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The Art of Accommodation

Literary Translation in Russia


Edited By Leon Burnett and Emily Lygo

This collection of essays is a seminal contribution to the establishment of translation theory within the field of Russian literature and culture. It brings together the work of established academics and younger scholars from the United Kingdom, Russia, the United States, Sweden and France in an area of academic study that has been largely neglected in the Anglophone world. The essays in the volume are linked by the conviction that the introduction of any new text into a host culture should always be considered in conjunction with adjustments to prevailing conventions within that culture. The case studies in the collection, which cover literary translation in Russia from the eighteenth century to the twentieth century, demonstrate how Russian culture has interpreted and accommodated translated texts, and how translators and publishers have used translation as a means of responding to the literary, social and political conditions of their times. In integrating research in the area of translated works more closely into the study of Russian literature and culture generally, this publication represents an important development in current research.


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Brian James Baer Vasilii Zhukovskii, Translator: Accommodating Politics in Early Nineteenth-Centur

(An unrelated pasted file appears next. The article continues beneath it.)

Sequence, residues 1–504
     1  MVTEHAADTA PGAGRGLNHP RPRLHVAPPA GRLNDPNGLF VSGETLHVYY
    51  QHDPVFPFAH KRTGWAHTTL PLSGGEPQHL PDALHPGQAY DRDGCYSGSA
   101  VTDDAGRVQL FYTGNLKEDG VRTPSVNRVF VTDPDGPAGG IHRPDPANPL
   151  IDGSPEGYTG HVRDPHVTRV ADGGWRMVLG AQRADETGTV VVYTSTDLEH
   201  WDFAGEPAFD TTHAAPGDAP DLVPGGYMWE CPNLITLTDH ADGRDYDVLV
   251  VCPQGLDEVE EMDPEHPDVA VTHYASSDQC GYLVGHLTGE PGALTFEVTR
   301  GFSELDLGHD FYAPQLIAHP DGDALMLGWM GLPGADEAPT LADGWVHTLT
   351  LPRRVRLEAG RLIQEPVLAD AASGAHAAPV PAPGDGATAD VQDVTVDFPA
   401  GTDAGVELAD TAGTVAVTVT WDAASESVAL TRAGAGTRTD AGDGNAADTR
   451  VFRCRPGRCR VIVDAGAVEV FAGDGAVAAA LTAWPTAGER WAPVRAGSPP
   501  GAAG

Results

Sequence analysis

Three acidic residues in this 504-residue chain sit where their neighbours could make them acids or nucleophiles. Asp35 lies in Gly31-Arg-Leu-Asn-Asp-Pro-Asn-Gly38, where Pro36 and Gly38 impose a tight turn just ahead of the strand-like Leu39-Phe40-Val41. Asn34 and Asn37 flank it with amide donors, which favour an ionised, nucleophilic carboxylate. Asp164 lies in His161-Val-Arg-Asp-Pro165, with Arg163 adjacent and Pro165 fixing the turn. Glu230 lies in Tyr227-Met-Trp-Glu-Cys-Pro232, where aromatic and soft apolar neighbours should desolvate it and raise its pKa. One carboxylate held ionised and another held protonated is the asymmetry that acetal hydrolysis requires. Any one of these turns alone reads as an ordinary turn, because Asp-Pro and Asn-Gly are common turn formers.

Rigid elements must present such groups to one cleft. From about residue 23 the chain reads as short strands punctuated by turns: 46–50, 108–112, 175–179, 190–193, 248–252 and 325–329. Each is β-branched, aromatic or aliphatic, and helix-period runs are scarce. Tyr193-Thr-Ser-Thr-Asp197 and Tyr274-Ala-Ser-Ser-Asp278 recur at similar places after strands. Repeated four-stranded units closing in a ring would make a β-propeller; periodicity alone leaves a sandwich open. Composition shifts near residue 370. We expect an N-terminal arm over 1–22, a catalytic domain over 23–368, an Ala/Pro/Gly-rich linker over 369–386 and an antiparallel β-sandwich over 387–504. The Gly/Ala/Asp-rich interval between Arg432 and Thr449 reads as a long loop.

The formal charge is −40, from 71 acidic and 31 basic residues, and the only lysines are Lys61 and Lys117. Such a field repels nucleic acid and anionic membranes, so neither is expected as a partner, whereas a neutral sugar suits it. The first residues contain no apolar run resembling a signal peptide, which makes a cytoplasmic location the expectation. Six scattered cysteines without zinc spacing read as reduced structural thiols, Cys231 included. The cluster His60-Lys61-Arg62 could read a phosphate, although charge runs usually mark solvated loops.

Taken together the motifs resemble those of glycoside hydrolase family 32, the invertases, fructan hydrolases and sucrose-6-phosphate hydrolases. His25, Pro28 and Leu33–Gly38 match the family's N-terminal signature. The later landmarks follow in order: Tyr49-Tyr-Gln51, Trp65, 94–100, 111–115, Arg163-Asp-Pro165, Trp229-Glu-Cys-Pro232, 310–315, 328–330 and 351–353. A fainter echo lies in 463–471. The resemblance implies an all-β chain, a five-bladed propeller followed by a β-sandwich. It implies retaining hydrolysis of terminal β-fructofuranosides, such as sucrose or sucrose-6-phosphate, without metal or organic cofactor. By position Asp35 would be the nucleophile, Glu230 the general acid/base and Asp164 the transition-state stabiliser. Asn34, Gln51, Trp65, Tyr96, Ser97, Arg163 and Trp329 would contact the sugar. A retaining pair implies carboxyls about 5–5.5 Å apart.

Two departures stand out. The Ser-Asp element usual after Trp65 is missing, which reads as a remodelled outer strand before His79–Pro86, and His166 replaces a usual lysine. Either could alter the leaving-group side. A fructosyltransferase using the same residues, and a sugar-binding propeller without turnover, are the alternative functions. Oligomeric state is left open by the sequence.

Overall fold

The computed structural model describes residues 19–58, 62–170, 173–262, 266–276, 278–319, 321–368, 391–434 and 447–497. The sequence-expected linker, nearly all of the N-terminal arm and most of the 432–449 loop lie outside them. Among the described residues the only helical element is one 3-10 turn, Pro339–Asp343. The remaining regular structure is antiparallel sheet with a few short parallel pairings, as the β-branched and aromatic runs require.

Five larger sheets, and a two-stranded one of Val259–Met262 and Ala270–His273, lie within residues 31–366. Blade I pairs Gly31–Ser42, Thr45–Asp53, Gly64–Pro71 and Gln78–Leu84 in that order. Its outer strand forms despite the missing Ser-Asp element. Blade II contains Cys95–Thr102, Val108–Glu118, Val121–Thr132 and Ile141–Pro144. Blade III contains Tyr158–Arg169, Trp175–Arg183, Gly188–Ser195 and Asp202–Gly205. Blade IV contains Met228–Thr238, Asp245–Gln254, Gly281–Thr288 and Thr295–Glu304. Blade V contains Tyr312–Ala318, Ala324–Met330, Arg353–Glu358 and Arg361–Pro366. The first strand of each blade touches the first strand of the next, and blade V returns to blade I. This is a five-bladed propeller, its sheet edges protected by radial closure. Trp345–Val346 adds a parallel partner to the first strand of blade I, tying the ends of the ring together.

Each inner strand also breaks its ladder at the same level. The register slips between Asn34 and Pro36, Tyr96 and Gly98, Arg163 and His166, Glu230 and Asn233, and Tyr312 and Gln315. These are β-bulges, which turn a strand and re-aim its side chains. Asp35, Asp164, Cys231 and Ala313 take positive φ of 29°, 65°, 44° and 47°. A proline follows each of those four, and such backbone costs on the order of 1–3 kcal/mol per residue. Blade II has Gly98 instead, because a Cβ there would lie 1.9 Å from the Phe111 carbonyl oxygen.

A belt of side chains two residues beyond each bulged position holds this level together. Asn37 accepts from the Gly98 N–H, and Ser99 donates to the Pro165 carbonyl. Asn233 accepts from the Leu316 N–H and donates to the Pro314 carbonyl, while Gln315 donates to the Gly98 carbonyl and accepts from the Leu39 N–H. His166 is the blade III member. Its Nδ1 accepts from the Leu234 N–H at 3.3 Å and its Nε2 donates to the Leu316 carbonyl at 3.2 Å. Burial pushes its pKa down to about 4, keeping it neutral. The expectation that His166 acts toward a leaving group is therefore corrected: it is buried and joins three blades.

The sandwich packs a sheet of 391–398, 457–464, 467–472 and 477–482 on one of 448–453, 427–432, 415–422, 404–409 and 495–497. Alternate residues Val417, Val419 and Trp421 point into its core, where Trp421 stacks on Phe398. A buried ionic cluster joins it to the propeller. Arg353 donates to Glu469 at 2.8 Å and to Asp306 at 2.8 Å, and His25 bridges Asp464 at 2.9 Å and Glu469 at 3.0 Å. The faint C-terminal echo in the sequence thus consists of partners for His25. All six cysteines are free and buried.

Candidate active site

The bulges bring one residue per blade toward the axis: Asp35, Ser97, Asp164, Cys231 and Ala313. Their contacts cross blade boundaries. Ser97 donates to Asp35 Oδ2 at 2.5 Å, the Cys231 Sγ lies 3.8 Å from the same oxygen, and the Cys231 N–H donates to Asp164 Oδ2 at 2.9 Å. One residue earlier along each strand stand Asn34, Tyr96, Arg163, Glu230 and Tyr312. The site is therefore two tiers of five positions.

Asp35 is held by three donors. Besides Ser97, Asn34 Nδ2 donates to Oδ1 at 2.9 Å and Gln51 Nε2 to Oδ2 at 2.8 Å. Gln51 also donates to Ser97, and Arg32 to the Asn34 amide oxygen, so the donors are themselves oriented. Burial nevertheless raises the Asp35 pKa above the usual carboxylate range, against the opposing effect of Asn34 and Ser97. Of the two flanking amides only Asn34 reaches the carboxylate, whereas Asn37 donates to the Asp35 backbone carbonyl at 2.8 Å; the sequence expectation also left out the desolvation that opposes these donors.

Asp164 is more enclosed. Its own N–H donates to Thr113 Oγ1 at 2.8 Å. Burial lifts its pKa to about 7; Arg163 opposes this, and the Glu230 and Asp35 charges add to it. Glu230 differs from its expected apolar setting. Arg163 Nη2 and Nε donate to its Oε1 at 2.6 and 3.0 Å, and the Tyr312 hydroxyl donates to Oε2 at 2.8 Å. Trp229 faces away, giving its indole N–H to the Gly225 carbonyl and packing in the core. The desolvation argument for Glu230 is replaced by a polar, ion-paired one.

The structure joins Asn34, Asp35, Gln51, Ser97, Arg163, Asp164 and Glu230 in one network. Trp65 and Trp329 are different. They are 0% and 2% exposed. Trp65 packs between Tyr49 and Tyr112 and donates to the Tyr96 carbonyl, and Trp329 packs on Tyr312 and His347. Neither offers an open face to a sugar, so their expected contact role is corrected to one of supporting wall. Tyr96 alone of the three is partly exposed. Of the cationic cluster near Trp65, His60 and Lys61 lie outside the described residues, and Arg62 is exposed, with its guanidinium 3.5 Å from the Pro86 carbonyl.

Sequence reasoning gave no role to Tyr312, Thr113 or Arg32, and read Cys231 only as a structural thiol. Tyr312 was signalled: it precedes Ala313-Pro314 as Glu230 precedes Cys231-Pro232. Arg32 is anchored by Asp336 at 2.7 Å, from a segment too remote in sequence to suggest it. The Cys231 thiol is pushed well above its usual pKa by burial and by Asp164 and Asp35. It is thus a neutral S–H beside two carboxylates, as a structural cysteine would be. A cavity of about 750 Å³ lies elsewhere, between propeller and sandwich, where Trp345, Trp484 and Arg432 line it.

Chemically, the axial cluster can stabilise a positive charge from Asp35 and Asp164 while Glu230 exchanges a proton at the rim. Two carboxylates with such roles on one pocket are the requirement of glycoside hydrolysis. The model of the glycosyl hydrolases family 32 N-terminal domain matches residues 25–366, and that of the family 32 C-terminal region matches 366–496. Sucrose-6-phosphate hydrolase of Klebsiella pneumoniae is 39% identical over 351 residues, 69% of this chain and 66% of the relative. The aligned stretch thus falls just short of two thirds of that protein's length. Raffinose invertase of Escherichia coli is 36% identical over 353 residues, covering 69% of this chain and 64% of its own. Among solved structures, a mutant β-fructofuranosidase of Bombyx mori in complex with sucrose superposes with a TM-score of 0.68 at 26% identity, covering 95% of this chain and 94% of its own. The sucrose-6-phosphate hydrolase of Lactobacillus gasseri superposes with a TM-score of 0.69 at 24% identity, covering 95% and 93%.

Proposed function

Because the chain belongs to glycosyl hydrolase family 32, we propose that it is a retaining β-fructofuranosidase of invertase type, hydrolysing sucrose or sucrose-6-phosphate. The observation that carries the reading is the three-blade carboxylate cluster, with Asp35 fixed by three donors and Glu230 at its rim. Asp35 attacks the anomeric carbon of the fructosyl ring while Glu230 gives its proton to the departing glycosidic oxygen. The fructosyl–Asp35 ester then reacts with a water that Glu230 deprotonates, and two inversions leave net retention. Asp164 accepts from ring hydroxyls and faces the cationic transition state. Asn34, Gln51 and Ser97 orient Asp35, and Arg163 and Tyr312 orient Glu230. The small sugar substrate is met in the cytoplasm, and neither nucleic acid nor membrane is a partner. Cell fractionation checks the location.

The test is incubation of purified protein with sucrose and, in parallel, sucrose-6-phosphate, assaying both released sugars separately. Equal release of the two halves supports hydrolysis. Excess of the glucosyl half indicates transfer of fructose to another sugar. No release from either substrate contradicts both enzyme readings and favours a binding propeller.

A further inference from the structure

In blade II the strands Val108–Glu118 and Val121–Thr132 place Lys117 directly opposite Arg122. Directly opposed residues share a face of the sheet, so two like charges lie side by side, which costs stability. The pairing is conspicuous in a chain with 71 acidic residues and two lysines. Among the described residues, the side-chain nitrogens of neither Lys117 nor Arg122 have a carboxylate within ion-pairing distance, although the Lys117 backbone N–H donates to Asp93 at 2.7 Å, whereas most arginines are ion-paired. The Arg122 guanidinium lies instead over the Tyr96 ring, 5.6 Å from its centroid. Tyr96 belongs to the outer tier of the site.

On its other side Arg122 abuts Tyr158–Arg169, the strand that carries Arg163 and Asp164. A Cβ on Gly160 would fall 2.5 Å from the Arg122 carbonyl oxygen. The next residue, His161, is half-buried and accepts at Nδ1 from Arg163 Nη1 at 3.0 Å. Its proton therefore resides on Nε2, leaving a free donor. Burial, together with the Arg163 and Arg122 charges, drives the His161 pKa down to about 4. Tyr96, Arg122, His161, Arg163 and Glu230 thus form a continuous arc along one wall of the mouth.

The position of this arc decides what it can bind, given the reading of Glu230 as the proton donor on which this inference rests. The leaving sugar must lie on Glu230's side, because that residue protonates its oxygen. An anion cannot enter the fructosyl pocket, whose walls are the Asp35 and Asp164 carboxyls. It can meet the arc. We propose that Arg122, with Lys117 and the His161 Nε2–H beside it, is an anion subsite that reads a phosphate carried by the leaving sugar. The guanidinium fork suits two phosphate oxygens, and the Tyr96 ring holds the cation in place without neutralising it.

y Russia Introduction The current focus on questions of power and authority in Translation and Interpreting Studies and attendant calls for greater activism among trans- lation and interpreting professionals is ref lected in the attention paid to acts of resistance, that is, on the ways translators and interpreters have used their position to critique – in more or less covert forms – the powers that be.1 Because of its reliance on translation, on the one hand, and censor- ship restrictions, on the other, Russia – from the eighteenth century to the Soviet period – of fers a wealth of examples of how translation has functioned as an act of resistance. Such acts involved not only transla- tions themselves but also critical literature on translations and translators, through which emerges a discourse of heroic resistance to fate and, very often, by extension, the regime. Less attention, however, has been paid to those translators who attenuate the political implications of foreign works through a variety of strategies and for a variety of reasons. I will examine 1 See Maria Tymoczko and Edwin Gentzler, eds, Translation and Power (Amherst: University of Massachusetts Press, 2002); Mona Baker, Translation and Conf lict: A Narrative Account (London and New York: Routledge, 2006); Maria Tymoczko, Translation, Resistance, Activism (Amherst: University of Massachusetts Press, 2010); Julie Boéri and Carol Maier, Translation/Interpreting and Social Activism (Manchester: St Jerome, 2010); and Moria Inghilleri and Sue-Ann Harding, ‘Special Issue: Translation and Violent Conf lict’, The Translator 16.2 (2010). 56 Brian James Baer these strategies...

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